Back on December 15, the New York Times ran a story about an academic symposium held in Brooklyn called “Hideous Gnosis,” which explored intellectual aspects of black metal. We posted some commentary about the event that basically made fun of the whole thing. We threw around words and phrases such as “pointy headed academics,” “fucking pretentious,” and “blather.” I think we also implied that all the participants were douchebags.
Hey, it was easy to do. Sort of like clubbing baby harp seals, except without the back-splatter. And what did you expect? We’re an extreme metal site, which by definition means we pretty much disrespect everyone except the bands who work their asses off making the music we live by, and a few metalhead writers who do what we’re trying to do, except do it a lot better. And we never feel guilty about it.
Well, almost never.
We got a couple of comments on our bushwhackery that have at least given us pause — one from the “Hideous Gnosis” symposium group itself and one from Shinjuku Thief. We’ll talk about the first one today and the second one soon after. And for musical accompaniment, we’ll stream some new black metal that will core out your skull. Read on after the jump.
So, as we said, despite gleefully vomiting all over “Hideous Gnosis,” we received from one of the organizers of the symposium a link to podcasts and texts of the papers presented. (We’re pretty sure the good-natured dude who did that was Nicola Masciandaro, an associate professor of English at Brooklyn College.) Following that link took us to a blog site called Black Metal Theory, which among other things appears to be the home page for the “Hideous Gnosis” symposium. Black Metal Theory describes itself as follows:
“Not black metal. Not theory. Not not black metal. Not not theory. Black metal theory. Theoretical blackening of metal. Metallic blackening of theory. Mutual blackening. Nigredo in the intoxological crucible of symposia.”
That was our first clue that maybe these dudes don’t take themselves quite as seriously as we assumed. The “Hideous Gnosis” organizers even added a link on the Black Metal Theory home page to our disrespectful rant about the symposium.
Now I’m not gonna lie and tell you that I actually read or listened to all the symposium papers. I did try to make my way through a random sample of what I found on the Black Metal Theory site, but I have a small brain and it was tough sledding. (Right now I’m really fighting the impulse to start metaphorically clubbing that harp seal again.) To give you a small taste:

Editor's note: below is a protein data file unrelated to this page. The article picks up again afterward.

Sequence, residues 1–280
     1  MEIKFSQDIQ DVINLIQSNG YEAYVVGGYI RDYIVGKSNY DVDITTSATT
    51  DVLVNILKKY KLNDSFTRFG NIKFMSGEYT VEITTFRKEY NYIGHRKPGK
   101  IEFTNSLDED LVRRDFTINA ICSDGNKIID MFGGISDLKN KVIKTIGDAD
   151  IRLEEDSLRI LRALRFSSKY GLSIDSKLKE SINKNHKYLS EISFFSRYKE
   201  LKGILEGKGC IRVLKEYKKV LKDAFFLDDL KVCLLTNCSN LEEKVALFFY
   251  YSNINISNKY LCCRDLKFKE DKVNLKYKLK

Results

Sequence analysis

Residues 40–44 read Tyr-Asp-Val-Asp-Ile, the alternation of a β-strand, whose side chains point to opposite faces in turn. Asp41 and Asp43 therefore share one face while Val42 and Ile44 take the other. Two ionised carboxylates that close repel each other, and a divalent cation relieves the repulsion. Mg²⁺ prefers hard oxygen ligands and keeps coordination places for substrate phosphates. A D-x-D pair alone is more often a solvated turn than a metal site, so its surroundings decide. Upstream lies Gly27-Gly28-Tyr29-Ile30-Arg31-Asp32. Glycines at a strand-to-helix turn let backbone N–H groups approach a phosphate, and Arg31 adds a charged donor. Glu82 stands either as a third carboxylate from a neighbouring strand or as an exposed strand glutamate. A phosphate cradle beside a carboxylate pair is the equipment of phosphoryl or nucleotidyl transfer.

Prof. Masciandaro’s paper (“Anti-Cosmosis: Mahapralaya”) explored the paradoxical idea that because black metal sets itself against the universe as a principle of order, and instead embraces chaos, it can be understood to deny the very possibility of discoursing about black metal. Or, as the professor quotes one black metal geek, “the first rule of black metal is that YOU DO NOT FUCKING TALK ABOUT BLACK METAL.” The prof also calls this the “anti-discourse world of consumerist metal fandom.”
So, after developing the existence of this seeming paradox, if I’m understanding the prof correctly, he suggests an answer to it. Something to do with black metal establishing its own reality in a chaos of nothingness as “an occult experience of the cosmic abyss,” and the idea that one may prove his “knowledge of hidden realities by the joy of speaking about them.” The abyss possesses an “awesome reality,” which, “whether we feel it as God or not, is absolutely divine” and therefore may be loved and discussed.
Or something like that. I’ve probably got it all wrong. I do know all these dudes must have persuaded themselves, with intellectual rigor, that it’s OK to talk analytically about black metal because they clearly talked up a fucking storm.
So, where does this leave us? Well, I suppose it leaves us with a nice segue to our upcoming post about the comments of Shinjuku Thief, who wrote (among other things) about “the contradiction in metal” — that “it claims to be primal, atavistic, earthy, of the body,” when in fact “it’s not spontaneous or relying on our innermost urges, it’s a well honed aesthetic and conscious action that is very much thought about.”
But where else does this leave us? Does all this symposiumating change the way we hear something like the epic cut below from the immortal Immortal off their face-melting new album All Shall Fail? You tell me.
[Editor’s note: this is the second of a 3-part series. For Part 3, go here.]
P.S.: All Shall Fail, which had an October release in the U.S., is the first new album in seven years from those reunited Norwegian black metal gods (anti-gods?) and it debuted at no. 7 on the Heatseekers Album chart (new & developing artists who have never appeared in the Top 100 of the Billboard Top 200 chart) and at no. 162 on the Billboard 200 for selling 3,300 copies since its October 6th release in North America. Not too fucking shabby.